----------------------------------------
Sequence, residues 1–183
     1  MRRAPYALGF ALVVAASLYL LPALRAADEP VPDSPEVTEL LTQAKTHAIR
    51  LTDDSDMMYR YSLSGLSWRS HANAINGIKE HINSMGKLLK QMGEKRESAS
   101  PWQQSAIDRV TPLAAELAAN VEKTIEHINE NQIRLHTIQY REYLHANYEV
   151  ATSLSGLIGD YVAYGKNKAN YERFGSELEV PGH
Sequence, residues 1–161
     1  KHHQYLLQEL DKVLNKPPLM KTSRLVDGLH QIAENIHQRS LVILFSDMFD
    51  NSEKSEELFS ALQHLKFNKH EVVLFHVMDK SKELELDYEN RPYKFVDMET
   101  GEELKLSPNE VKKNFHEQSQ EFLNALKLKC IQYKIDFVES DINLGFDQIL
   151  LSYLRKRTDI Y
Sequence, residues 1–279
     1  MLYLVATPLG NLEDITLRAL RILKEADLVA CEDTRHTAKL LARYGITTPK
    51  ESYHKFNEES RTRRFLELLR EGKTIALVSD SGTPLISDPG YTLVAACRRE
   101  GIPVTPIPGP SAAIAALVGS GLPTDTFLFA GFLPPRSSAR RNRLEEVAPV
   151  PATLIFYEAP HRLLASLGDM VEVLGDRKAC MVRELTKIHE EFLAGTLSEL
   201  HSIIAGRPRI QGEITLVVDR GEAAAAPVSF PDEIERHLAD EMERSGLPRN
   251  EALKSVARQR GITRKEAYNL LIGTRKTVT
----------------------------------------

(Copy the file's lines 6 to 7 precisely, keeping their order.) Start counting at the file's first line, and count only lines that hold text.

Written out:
Sequence, residues 1–161
     1  KHHQYLLQEL DKVLNKPPLM KTSRLVDGLH QIAENIHQRS LVILFSDMFD